When it comes to testing a thermal interface material, the goal is very similar to cooler reviews where the idea is to determine how cool the processor stays under stress. With this concept in mind, I will be thrashing out an Intel based setup to see just how well this compound works.
Before we delve into the number, though, let's take a quick look at the test box.
Intel E6600 Processor @ 2.4GHz
Gigabyte GA-965P-DS4 Motherboard (Supplied by GIGABYTE)
2GB Corsair PC8500C5 DDR2 Memory (Supplied by Corsair)
Sapphire X2900XT Video Board (Supplied by Sapphire)
In the past, we have made it a habit to look at temperatures at both idle and at load. In this test session, I will be monitoring a bit differently than before. Idle temperatures are more important when realizing the cooling potential of heatsinks, so I will be aiming at testing load temperatures.
Our test methodology consists of running a 100% load test of the processor for approximately 26 minutes. After noting the maximum temperature, I went through the temperature logs and figured an average temperature throughout the test cycle.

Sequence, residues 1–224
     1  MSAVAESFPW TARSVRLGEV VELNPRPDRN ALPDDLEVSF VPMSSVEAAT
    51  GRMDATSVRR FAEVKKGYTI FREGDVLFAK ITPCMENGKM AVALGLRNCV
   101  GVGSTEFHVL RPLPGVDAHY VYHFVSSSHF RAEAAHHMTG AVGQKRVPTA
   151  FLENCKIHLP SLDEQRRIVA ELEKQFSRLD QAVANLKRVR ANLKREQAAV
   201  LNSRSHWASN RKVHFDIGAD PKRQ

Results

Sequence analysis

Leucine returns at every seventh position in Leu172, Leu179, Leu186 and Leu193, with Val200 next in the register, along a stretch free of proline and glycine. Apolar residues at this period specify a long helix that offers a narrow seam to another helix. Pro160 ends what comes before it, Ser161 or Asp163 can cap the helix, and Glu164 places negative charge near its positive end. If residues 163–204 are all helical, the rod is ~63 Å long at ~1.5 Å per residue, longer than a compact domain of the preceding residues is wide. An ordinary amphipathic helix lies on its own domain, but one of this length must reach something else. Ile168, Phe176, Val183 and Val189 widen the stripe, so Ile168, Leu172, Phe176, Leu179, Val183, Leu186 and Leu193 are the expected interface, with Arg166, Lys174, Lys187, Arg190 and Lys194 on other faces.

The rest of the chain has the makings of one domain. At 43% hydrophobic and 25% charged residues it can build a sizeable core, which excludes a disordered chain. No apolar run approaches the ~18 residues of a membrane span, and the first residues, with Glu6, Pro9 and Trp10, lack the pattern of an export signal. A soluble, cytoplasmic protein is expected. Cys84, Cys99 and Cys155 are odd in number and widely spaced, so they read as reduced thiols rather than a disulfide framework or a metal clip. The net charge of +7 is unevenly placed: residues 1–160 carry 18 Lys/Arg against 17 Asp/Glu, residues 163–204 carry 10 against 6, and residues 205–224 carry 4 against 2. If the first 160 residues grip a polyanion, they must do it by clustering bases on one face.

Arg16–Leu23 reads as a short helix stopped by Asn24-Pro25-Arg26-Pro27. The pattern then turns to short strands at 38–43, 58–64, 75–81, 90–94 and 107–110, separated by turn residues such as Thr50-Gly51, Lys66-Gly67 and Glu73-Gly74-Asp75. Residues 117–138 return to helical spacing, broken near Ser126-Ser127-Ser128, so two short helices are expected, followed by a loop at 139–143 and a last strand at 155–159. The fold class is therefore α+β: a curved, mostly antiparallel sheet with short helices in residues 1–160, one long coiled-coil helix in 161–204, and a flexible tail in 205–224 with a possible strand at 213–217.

As noted above, the processor is running at default speed it has the stock Intel OEM heatsink mounted for our testing. All system voltages are also set to default values so that everything will be on an even keel and we can give all compounds we evaluate the same test bed as the others. Ambient temperature was a constant 23C and relative humidity was less than 25% during all test phases. Finally, all thermal compounds tested are given a 3-day burn-in time even if they state they do not require it. This allows all tests to be conducted on an even plane and no excuses for questionable performance can be given.
After our testing was completed, it was good to see that the folks at Noctua have done the job right. This thermal compound ranks right up there with the best of them and manages to carry an average temperature of 48.5 Celsius. This is a very acceptable performance and will fit well into your own enthusiast rig.